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‘Survivor’ sends two castaways home

The tribe has spoken: The last person picked for a tribe was also the first person voted out. Michelle was sent home by Fang, who found her to be annoying — even though she finished the first challenge before any other woman. Her placement in the tribe wasn't a good match from either perspective, because Michelle thought her tribemates were "the dumbest people on Earth." Friendship with gamer Ken couldn't save her, nor could Randy's arguments that Gillian should go home first. At Tribal Council, she seemed resigned to her fate and fought with the others, at least until she took the season's first walk of shame.

The tribe speaks again: For "Survivor"'s first-ever two-hour premiere episode, six days elapsed, meaning there were two Tribal Councils, and Fang found themselves there yet again. This time, they voted out 61-year-old Gillian, who — surprise! — was bothering them with her non-stop talking (and snoring), in addition to her constant demands. As Randy said, "This is our first day, and I've come to the conclusion that Gillian is annoying."

Loser tribe: Fang lost three challenges in a row: The opening reward challenge, the first immunity challenge, and, in the second episode, the combined reward and immunity challenge. Jeff Probst ridiculed them for their performance at the first Tribal Council, saying "this tribe is in complete denial" because they kept insisting they did their best. After the third challenge, during which Fang was ahead of Kota at one point, Probst changed his tune and told them, "much different than last challenge, guys. You were right there." Still, Fang now has two fewer members because they're seemingly incapable of doing anything other than bickering.

Exile: Dan was the first person sent to Exile Island, where he was faced with a choice: Comfort or Clue (to the location of the hidden immunity idol). He chose the clue, although he couldn't decipher it and spent all his time looking in the wrong places. Although he found nothing, his weird behavior when he returned to camp convinced his tribe he had the idol. But at Tribal Council, he just said that Exile "really mess[es] with your mind a little," and dumped out his bag to prove he didn't have it. "I don't have the idol, so please don't try to flush it out. I don't want to go home," Dan pleaded.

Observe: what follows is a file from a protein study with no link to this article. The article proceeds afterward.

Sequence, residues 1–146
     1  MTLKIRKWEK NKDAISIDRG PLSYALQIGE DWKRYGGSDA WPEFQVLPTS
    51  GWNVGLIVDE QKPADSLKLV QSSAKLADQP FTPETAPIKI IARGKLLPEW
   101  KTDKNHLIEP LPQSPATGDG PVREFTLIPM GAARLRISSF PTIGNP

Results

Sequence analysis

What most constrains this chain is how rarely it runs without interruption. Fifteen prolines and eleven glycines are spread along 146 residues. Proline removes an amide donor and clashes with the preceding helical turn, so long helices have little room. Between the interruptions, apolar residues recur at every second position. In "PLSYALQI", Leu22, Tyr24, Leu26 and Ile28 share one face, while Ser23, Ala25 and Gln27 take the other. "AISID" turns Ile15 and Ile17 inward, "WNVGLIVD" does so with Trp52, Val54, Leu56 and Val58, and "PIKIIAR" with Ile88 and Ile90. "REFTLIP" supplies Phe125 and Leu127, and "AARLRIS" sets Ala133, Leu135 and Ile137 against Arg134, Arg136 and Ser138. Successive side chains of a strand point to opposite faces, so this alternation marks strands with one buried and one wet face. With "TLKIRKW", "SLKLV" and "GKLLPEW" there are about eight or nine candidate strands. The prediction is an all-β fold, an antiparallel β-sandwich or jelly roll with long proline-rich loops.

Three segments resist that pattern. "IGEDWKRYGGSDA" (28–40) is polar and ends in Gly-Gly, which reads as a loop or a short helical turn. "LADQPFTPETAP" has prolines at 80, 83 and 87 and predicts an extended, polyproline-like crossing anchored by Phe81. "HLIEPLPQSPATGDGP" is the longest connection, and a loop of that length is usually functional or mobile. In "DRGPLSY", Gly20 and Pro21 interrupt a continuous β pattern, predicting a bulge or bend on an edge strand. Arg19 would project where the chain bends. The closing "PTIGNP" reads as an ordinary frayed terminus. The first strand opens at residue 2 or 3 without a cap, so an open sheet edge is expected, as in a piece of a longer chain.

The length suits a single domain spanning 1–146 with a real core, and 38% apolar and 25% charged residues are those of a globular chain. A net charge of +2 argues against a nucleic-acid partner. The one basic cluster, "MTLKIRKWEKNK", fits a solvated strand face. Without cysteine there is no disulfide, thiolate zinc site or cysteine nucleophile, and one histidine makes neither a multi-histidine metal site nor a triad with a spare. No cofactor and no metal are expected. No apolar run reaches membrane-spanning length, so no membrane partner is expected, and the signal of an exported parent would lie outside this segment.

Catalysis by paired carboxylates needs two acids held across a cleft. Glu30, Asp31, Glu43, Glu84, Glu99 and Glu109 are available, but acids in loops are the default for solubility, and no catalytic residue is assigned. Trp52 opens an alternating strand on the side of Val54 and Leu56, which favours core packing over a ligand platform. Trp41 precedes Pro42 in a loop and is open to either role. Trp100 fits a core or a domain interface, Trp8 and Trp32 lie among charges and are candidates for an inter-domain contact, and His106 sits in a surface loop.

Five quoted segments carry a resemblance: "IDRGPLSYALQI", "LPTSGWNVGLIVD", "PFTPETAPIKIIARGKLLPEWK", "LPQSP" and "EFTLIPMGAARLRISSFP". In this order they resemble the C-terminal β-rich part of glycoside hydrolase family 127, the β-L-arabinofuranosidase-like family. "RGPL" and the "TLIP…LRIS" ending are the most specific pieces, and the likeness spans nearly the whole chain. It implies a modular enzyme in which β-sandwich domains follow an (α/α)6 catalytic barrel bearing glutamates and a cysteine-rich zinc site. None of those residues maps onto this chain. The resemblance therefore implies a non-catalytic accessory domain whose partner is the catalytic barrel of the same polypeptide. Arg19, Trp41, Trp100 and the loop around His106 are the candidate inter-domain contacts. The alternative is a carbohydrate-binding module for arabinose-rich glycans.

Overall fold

Leader of the pack: After Jeff Probst goaded the Fang tribe into electing a leader at the first Tribal Council, they chose maintenance worker GC, who was reluctant because he didn't want to be targeted. Thus, he resigned shortly thereafter. "I didn't want to be the leader, I'm not going to let you all force me be the leader, so I'm not going to," he said. His tribemate Randy told us that was GC's "best leadership call since he's been leader, since he hasn't led anything."

The onion alliance: At Kota, the tribe that won all three challenges, gay lawyer Charlie and straight doctor Marcus formed a bond. Charlie didn't hide his immediate crush on Marcus and his "deep blue beautiful eyes." Marcus recognized that and said, "I think he's attracted to me," and while he acknowledged that Charlie is "handsome and smart," Marcus said he's straight and there are "not two Adams here" in Earth's Last Eden. Still, they formed an alliance. Marcus told Charlie "you're my inner circle," and said his alliance was like the "layers of an onion," which soon included Jacquie and Corinne. Since they keep winning, though, the onion has nothing to do right now.

Color commentary: Randy — who cut his head open on a branch and needed stitches early on — is this season's most viewer-friendly cast member. His confessional interviews are hysterical. "My new operation is called Operation Let Other People Crash and Burn," he said at one point, and added that his plan is to "sit on my ass and watch us self-destruct." So far, the operation is working.

Worst advice ever: Before she was ousted, retired nurse Gillian suggested that her tribemates hunt for elephant dung so they could pick out undigested seeds as food.

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